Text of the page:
The UK's Channel 4
recently ran a poll of the greatest 100 films of all time, as voted for by the viewers. Not surprisingly (and, I should add, deservingly) Trainspotting
came very high in the list, and as suh there was a little mini-junket
with the author of the novel on which the film is based, Irvine Welsh
. One of the strengths of the sotry according to its omniscient creator is the fact that it showed the experiences of "real people", not "a bunch of middle calss wankers".
Oh. Because, you see, middle class people are fictional.
Now, I was born and grew up in rigidly classless societies (the USSR and Israel respectively). However, both my parents are highly educated professionals, I never wanted for anything in my life and am now living in a prosperous suburb of Oxford. I can be safely called middle class.
Conclusion: I don't exist. I am not, according to the Irvine Welsh Orthodoxy (and he's not the only one who holds these views, just the one who happens to have pissed me off this week), a real person.
Not only that, but I am not a real person according to the governement, either. After a year and a half of paying tax at the emergency rate, I am still not entitled to any welfare or housing help from the authorities. They also consistenly call me by my husband's name despite the fact I never took it and that all the documentation they ever received from me identifies me by my own name. While the governement exuberantly adopts the rhetoric of "the needs of real people", this sends the clear message to me that as far as they are concerned, I don't exist.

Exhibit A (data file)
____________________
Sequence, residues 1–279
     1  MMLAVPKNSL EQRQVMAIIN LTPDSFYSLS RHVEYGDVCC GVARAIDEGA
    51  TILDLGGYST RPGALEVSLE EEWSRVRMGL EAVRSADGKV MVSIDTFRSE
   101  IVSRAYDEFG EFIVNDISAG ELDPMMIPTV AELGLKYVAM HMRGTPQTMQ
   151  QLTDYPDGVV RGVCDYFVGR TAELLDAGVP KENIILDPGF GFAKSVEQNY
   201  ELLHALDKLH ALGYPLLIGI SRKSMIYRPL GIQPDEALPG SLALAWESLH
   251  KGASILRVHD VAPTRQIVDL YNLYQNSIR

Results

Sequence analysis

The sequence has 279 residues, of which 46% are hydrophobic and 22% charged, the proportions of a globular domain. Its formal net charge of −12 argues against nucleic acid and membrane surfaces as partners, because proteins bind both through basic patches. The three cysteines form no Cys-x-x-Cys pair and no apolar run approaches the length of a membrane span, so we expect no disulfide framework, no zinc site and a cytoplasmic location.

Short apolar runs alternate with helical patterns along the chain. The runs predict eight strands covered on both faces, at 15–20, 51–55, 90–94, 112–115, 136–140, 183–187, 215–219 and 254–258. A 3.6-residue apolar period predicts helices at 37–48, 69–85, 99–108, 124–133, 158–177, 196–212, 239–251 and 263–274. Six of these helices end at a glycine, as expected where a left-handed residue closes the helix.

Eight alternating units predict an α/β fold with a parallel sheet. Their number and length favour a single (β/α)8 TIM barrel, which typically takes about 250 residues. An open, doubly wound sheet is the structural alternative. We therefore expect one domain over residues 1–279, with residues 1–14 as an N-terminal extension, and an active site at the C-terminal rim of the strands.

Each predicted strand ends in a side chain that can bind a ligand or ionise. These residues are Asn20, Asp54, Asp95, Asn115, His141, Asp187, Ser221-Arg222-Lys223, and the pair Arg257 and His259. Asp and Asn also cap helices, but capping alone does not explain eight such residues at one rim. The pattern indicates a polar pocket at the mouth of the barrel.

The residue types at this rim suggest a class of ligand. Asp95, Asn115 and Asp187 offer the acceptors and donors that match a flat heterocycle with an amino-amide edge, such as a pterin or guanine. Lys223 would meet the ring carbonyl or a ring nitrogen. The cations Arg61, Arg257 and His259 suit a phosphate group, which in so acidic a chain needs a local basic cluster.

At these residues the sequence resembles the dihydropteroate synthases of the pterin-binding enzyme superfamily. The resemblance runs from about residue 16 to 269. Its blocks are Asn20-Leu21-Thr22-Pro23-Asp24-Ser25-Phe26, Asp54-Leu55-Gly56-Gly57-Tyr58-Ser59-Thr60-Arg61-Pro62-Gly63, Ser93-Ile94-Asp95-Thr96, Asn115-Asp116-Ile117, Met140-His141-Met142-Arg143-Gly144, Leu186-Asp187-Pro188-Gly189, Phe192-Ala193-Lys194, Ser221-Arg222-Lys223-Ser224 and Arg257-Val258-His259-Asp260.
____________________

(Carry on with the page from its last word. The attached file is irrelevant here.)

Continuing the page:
In a country which is hell bent to preserve it more wasteful and undemocratic traditions (the landed aristocracy) while completely wiping out some of its more productive ones (farming and heavy industry), I wonder - how many other people are not "real people"? The white collar slaves of the City, the elderly living in humble bungalows after a life of service to the economy, the teachers and nurses and miserable office workers subjected to the worst working conditions and the lowest pay in Europe - neither Tony Blair nor that champion of the underbelly, Irvine Welsh, seem to recognise our collective existence. Both the political and artistic establishment seem determined to ignore it.
Imaginary People of the UK Unite! The middle class is the new proletariat. It's here, it's real, and it's the only section of society which is paying its own way (the poor being too poor and the rich too clever), and it deserves its share of respect and recognition.
I for one am done playing the game of humble beginnings one-upmanship. I'm middle class and I'm proud!